Runners of the Six put out a call on the Runners of the Six Instagram a few weeks ago asking what readers wanted to have included in the upcoming ROT6 journal. One of the topics that was submitted was: Masters athletes. This immediately caught my attention.
Over the last year I’ve dealt with multiple injuries and illnesses that left me not able to run as often as I was able to. I had just joined the Runners of the Six journal team prior to my first injury of the year. Being a part of the journal at this time was helpful – I was able to stay connected to the running community while not being physically able to run. I was also able to share different stories about injury, which many runners and other athletes could relate to. I just didn’t realize how long I’d be sidelined for. Eventually the writer’s block hit.
When I discovered that you, the readers, wanted to read about Masters athletes, that immediately re-sparked my ‘why’. The main reason why I got involved in running, and continue to push myself to run longer distances, all comes back to a single Masters athlete – my dad. More stories of diverse Masters runners will be shared over the coming months to showcase the benefits and challenges of being an athlete, for life.
Below is an interview with my dad (John Helliker): obsessive runner, 24/7 worker, and my personal chauffeur. Growing up, the main time I got to spend with my dad was in the car. He spent hours driving me and my friends to school, to only drive hours to his own job after that. He would pick us up after school and drive us to dance, spending well over 3 hours in the car each day. When he started running, he would go to practice after dropping me off and wouldn’t get home until bed time. Some days, if I forgot to pack something for dance, he’d use this opportunity as his workout and would run it over to the studio so that he could fit it all into one day. There were, and continue to be, a lot of privileges associated with this lifestyle, but I didn’t appreciate this when I was younger. Before I developed my own love for running, all I recognized was work and running came first – clearly I didn’t appreciate the car rides. Over the last five years, running gave me the ability to spend quality time with my dad. He still leaves the house for hours at a time to go for long runs, but I now go with him. As you’ll read below…my mom is the reason why my dad started to run – I wonder if she regrets this at all…
Can you tell me a bit about yourself?
John Helliker: I’m 70 years old, identify as he/him, white settler, privileged in many different ways (e.g., financially, access to education). I’m still working full-time in an administrative position at a college. I live with my wife/partner in the west end of Toronto, and have a car. Location and access to transportation are relevant given Masters competitive events don’t happen everywhere.
What was your involvement in running (or other sports) as a kid/growing up?
I never took part in competitive sports as a kid – running or otherwise. I was pretty small and skinny – weighed less than 120 lbs when I was in high school. I knew I had some ability in terms of middle distance running – or thought I did – as I was usually among the first in cross-country exercises in high school within gym class, but never went beyond that. I went to China on a cultural exchange after I got my undergrad degree and studied for two years at post-secondary institutes in Beijing. In the second year there was an opportunity to take part in intercollegiate athletics so I tried out for the Beijing University track team – primarily so I could have more of an opportunity to socialize with Chinese students. I became one of the few international student members of the track team that year (10,000 meters) and competed in inter-collegiate events. I was in my mid-20s at the time. I should point out that it was my dream as a kid to run a 4 minute mile. I had read a book on Roger Bannister (1st 4 minute mile) and became consumed by that idea for awhile, probably because I was considered so athletically-challenged, with running being the only thing that I felt half-way capable of doing.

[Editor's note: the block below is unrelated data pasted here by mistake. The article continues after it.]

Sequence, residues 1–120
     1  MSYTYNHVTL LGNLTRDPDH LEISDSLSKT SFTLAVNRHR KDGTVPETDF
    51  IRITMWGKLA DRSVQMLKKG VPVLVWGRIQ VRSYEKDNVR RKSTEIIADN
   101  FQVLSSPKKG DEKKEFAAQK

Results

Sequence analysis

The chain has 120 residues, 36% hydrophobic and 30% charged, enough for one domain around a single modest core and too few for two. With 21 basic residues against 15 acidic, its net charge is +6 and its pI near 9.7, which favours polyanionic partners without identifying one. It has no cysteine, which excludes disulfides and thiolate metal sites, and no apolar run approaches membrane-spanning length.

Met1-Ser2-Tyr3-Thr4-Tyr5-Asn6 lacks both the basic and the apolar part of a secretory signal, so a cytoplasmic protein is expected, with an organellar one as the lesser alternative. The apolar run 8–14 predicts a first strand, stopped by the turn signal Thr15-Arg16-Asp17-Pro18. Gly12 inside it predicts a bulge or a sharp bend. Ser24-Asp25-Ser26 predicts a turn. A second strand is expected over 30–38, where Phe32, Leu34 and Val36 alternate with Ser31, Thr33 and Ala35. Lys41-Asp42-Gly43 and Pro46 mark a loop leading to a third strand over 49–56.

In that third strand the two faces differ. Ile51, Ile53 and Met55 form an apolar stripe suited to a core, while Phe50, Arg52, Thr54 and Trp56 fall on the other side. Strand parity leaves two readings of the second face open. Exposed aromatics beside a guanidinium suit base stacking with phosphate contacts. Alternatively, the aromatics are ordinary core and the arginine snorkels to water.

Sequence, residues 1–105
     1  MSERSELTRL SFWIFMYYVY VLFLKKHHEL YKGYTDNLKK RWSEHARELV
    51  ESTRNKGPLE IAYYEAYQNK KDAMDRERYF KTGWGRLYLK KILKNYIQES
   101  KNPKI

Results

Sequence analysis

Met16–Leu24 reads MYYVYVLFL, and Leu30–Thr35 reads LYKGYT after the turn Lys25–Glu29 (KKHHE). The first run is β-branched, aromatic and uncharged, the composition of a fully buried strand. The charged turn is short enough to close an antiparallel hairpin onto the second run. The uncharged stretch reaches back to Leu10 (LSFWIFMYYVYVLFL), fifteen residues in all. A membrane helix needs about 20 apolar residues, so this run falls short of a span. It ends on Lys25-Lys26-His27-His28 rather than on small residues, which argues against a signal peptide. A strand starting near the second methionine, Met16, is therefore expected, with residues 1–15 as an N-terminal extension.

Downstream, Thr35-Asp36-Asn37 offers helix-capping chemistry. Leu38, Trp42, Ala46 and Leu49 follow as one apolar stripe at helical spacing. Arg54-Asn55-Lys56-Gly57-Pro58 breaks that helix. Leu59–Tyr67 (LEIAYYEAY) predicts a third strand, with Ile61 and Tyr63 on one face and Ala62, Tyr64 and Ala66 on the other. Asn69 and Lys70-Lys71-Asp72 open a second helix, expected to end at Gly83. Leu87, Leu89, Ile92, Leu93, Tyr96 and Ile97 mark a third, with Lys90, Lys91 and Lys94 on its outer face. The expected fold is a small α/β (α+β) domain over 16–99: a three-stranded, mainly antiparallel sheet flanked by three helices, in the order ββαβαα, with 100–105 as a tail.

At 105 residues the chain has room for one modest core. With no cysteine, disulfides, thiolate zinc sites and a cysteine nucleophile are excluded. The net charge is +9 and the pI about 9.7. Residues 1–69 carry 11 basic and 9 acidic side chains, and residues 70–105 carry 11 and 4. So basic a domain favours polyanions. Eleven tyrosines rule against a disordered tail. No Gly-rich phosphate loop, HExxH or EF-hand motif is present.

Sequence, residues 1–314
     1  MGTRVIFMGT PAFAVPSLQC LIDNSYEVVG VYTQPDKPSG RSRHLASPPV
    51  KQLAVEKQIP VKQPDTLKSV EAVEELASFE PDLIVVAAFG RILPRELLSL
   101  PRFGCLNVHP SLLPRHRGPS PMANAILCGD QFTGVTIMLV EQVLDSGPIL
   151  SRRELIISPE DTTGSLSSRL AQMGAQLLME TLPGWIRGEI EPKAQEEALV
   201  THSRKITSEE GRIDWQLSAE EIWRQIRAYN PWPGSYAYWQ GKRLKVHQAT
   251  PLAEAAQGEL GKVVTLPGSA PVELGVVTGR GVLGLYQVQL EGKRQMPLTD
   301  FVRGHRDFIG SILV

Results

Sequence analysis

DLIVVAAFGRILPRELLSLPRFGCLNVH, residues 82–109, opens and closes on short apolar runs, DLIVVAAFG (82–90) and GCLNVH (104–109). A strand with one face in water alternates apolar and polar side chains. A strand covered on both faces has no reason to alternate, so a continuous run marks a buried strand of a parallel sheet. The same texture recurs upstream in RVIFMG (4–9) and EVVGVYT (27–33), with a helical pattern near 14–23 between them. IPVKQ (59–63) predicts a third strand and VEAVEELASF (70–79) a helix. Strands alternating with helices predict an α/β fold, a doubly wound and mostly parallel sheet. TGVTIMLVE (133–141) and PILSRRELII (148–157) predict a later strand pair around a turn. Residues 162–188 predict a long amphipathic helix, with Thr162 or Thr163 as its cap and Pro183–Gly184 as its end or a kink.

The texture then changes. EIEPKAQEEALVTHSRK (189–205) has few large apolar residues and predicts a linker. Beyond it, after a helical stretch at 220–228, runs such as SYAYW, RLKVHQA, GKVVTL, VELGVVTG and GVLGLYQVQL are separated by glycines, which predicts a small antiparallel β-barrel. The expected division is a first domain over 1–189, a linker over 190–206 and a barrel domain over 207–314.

How would you describe Masters athletics/running to someone else?
It’s a national and international movement, set of organizations, and events that foster and support life-long participation in physical activity with a competitive athletics aspect within running, track and field in general, and other sports. It’s often structured in track and field within competitive events so that you’re running with people of your same age, as heats in events tend to be scheduled within a competition so that everyone is within a five-year age range (e.g., 60-64, 45-50). Participation within the individual heats of a particular event (e.g. 100m, 1500m) can also be scheduled based on the time that you put down ahead of the event as your expected result, with people in the same general level being placed together with or without reference to age and gender. And in some events (e.g., cross country and road races) everyone runs together but results are provided based on age ranges. There is a ranking system nationally and internationally based on results and age categories.
How did you get involved in Masters running?
My wife started running on a regular basis each week to get into shape. After quite a while I started to run with her and then we decided to take part in a 5 km event together. I didn’t know about masters athletics and the system of competing against people in your own age group until then. That event hooked me. I really enjoy running and I did pretty well in the event so I started looking for training opportunities where I could meet and socialize with other people while training. I searched for running clubs and discovered the University of Toronto Masters Track Club, which turned out to be an ideal situation for me. Given my childhood dream of running the mile, I was especially attracted to the fact there was a middle-distance focus within the club. I trained with UTTC Masters from the time I was 60-65. I’ve run road races, cross-country, indoor and outdoor track. More recently I’ve decided to just run track for now given I most enjoy the 1500 metre and occasional 800 m.
What was the transition like going from being a ‘casual’ runner to being a Masters athlete?